Money Laundering

Money Laundering:


Money is the prime reason for engaging in almost any type of criminal activity. Money-laundering is the method by which criminals disguise the illegal origins of their wealth and protect their asset bases, so as to avoid the suspicion of law enforcement agencies and prevent leaving a trail of incriminating evidence.

Illegal arms sales, smuggling, and the activities of organised crime, including for example drug trafficking and prostitution rings, can generate huge amounts of proceeds. Embezzlement, insider trading, bribery and computer fraud schemes can also produce large profits and create the incentive to “legitimise” the ill-gotten gains through money laundering.

When a criminal activity generates substantial profits, the individual or group involved must find a way to control the funds without attracting attention to the underlying activity or the persons involved. Criminals do this by disguising the sources, changing the form, or moving the funds to a place where they are less likely to attract attention.


How is money laundered?

The process of laundering money typically involves three steps: placement, layering, and integration.

Source: UNDOC

  • Placement, moving the funds from direct association with the crime; As launderer introduces his illegal profits into the financial system by breaking up large amounts of cash or by purchasing a series of monetary instruments 
  • Layering, disguising the trail to foil pursuit in a series of conversions or movements of the funds to distance them from their source.and,
  • Integration, making the money available to the criminal, once again, with its occupational and geographic origins hidden from view i.e. the funds re-enter the legitimate economy. The launderer might choose to invest the funds into real estate, luxury assets, or business ventures.


Methods:

Money laundering can take several forms, although most methods can be categorized into one of a few types.

  • Structuring (smurfing): a method of placement whereby cash is broken into smaller deposits of money, used to defeat suspicion of money laundering and to avoid anti-money laundering reporting requirements.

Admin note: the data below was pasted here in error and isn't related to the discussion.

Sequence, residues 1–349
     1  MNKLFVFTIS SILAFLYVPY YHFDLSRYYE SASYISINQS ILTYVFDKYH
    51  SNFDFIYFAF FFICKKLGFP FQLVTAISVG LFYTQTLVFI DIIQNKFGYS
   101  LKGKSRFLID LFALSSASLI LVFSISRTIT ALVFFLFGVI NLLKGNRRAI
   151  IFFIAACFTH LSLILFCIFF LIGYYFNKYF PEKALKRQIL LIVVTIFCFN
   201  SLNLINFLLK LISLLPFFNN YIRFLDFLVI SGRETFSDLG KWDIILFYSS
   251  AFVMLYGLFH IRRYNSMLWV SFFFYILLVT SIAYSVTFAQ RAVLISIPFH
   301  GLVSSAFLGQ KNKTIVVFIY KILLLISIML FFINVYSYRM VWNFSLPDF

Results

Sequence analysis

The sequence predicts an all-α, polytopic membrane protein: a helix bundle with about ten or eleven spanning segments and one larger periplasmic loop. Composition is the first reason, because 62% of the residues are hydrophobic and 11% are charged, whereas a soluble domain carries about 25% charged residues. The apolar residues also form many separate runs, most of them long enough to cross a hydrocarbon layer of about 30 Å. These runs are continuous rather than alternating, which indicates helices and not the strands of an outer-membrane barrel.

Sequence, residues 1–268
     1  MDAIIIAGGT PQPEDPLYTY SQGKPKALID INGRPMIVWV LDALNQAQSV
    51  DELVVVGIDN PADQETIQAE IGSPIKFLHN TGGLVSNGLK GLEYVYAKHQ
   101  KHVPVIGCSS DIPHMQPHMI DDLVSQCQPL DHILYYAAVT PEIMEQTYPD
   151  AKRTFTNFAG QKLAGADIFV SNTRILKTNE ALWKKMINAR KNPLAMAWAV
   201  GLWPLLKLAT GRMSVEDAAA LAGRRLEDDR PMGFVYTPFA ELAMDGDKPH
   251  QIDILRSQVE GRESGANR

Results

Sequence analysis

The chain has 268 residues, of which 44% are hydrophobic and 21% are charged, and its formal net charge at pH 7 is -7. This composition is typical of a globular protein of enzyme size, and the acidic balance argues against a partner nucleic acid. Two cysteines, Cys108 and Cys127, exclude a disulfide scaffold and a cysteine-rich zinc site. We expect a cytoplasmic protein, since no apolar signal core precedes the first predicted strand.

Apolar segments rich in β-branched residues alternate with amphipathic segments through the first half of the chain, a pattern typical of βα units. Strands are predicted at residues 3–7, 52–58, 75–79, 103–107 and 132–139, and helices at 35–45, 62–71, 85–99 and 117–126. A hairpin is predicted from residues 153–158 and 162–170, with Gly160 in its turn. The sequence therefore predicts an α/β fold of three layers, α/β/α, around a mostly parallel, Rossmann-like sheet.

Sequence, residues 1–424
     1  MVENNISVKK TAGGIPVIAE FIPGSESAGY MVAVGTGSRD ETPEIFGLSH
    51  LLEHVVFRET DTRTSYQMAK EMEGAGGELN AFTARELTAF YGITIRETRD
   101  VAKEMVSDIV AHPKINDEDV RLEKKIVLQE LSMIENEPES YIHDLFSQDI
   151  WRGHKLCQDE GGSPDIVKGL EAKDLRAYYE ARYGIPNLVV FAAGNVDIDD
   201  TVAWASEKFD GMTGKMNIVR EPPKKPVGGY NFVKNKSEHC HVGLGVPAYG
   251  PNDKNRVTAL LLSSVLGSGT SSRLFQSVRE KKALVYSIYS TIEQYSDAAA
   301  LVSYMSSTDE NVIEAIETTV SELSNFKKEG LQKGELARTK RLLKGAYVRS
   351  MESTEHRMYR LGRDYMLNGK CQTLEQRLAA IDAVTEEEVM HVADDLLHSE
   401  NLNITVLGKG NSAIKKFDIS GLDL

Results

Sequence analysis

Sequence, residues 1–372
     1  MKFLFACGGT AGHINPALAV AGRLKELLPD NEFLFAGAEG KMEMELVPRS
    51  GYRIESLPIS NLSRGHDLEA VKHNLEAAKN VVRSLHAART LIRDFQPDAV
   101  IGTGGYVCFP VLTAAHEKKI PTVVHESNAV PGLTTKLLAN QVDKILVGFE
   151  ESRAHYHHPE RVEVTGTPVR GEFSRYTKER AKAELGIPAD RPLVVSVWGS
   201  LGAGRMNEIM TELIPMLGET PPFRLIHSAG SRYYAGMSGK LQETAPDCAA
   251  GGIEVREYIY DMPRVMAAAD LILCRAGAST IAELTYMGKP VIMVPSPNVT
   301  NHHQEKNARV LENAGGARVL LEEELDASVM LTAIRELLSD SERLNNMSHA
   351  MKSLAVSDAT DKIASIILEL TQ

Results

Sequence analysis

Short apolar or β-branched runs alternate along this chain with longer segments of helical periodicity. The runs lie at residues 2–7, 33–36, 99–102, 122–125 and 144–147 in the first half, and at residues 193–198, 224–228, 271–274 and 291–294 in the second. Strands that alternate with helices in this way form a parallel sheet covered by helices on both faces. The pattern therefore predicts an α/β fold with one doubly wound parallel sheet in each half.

• Bulk cash smuggling: This involves physically smuggling cash to another jurisdiction and depositing it in a financial institution, such as an offshore bank, with greater bank secrecy or less rigorous money laundering enforcement.[12]
  • Cash-intensive businesses: a business which receive a large proportion of its revenue as cash uses its accounts to deposit criminally derived cash. Such enterprises often operate openly and in doing so generate cash revenue from incidental legitimate business in addition to the illicit cash. Examples are parking structures, strip clubstanning salonscar washesarcadesbars, restaurants, and casinos.
  • Trade-based laundering:  one of the newest and most complex forms of money laundering.This involves under- or over-valuing invoices to disguise the movement of money. For example, the art market has been accused of being an ideal vehicle for money laundering due to several unique aspects of art such as the subjective value of art works as well as the secrecy of auction houses about the identity of the buyer and seller.
  • Shell companies and trusts: Trusts and shell companies disguise the true owners of money. Trusts and corporate vehicles, depending on the jurisdiction, need not disclose their true owner. the slang term rathole, though that term usually refers to a person acting as the fictitious owner rather than the business entity.
  • Round-tripping: Here, money is deposited in a controlled foreign corporation offshore, preferably in a tax haven where minimal records are kept, and then shipped back as a foreign direct investment, exempt from taxation. 
  • Bank capture: money launderers or criminals buy a controlling interest in a bank, preferably in a jurisdiction with weak money laundering controls, and then move money through the bank without scrutiny.
  • Casinos: an individual walks into a casino and buys chips with illicit cash. The individual will then play for a relatively short time. When the person cashes in the chips, they will expect to take payment in a check, or at least get a receipt so they can claim the proceeds as gambling winnings.
  • Other gambling: Money is spent on gambling, preferably on high odds games. One way to minimize risk with this method is to bet on every possible outcome of some event that has many possible outcomes, so no outcome(s) have short odds, and the bettor will lose only the vigorish and will have one or more winning bets that can be shown as the source of money. The losing bets will remain hidden.